“I thought you said you couldn’t make it!” she said in between kisses.
“It was a bit of a fib, to be honest. I wanted to surprise you.”
“Surprised, I am,” she said, “Where were you going?”
“I was going to look for you. We can go back in,” he said. She nodded and led them in. Ron stopped to say hello to his sister before following Hermione closely. They had lunch and butterbears (which Hermione reluctantly let Ron pay for) with Dean and Seamus.
After no more than three quarters of an hour, Ron leaned over to Hermione, “Would you like to talk a walk?”
“No, thanks. I’ve been out and about all morning, my toes are nearly frozen,” she responded, snuggling as close to him as she could while still technically sitting in separate chairs. She’d moved her stood very close to his, and how lounged with her back leaning on his chest, chatting with Seamus and Ginny about her Charms lessons, a warm mug of butterbeer in her hands. He wrapped his arms around her waist and held her from behind, leaning forward every once in a while to kiss her cheek or whisper something flirty in her ear.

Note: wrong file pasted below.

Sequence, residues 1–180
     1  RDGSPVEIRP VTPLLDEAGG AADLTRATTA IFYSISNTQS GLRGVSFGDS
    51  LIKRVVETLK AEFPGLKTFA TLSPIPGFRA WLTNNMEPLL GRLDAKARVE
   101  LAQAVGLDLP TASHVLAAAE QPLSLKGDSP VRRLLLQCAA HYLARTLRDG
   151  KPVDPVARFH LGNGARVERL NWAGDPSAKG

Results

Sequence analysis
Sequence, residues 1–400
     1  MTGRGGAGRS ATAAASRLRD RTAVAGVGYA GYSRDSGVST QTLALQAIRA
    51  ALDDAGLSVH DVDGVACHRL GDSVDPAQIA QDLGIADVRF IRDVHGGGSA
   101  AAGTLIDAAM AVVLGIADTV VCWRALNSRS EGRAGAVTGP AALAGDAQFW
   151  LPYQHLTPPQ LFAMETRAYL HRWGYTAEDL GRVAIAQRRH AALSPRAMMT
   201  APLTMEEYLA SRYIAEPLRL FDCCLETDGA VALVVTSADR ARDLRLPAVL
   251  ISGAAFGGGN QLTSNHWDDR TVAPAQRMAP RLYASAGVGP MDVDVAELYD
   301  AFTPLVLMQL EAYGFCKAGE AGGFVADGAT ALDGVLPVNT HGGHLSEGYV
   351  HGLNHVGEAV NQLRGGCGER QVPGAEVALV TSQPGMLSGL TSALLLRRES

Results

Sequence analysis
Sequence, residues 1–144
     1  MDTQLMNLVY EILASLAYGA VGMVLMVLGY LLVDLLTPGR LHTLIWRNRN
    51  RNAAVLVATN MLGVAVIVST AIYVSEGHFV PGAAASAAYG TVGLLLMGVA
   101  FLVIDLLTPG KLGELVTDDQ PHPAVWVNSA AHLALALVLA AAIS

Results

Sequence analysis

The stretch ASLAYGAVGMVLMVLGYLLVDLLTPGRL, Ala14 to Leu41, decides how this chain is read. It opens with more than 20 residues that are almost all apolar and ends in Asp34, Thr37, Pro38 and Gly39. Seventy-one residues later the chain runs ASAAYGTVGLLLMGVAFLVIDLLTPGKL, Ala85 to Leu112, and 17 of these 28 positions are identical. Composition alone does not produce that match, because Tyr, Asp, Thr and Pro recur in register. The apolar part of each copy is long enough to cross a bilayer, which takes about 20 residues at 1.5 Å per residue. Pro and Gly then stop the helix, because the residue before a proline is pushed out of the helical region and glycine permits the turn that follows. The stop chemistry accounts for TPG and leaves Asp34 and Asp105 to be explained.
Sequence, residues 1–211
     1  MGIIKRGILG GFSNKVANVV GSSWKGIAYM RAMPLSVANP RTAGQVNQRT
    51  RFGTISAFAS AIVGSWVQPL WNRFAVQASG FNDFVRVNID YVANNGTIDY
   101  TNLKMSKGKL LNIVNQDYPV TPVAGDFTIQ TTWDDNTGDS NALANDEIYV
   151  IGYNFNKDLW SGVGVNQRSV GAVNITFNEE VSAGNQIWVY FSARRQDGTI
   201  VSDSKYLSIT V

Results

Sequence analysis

“I love you, Hermione,” he said on one of these occasions. Ginny and the guys were enthralled in a conversation about Quidditch, so they weren’t paying much attention to the affectionate couple.
“I love you too, Ron,” she responded, turning her neck to lean her head on his shoulder.
“You make me the happiest man in the world,” he whispered, caressing her cheek.
“That’s sweet,” she said softly.
Ron looked around at the full table, and was immediately filled with nerves. Lacking eloquence, he blurted out, “Hermione, marry me.”
She sat up straight and turned to face him, “What?”
“Oh, no,” he said, shaking his head, “I had a whole speech planned out, about how you make me a better person and I’d never survive without you because you’re brilliant and you deserve the best and I want to be your best.”
“That’s nice to hear,” she said monotonously, at a higher pitch than her usual voice.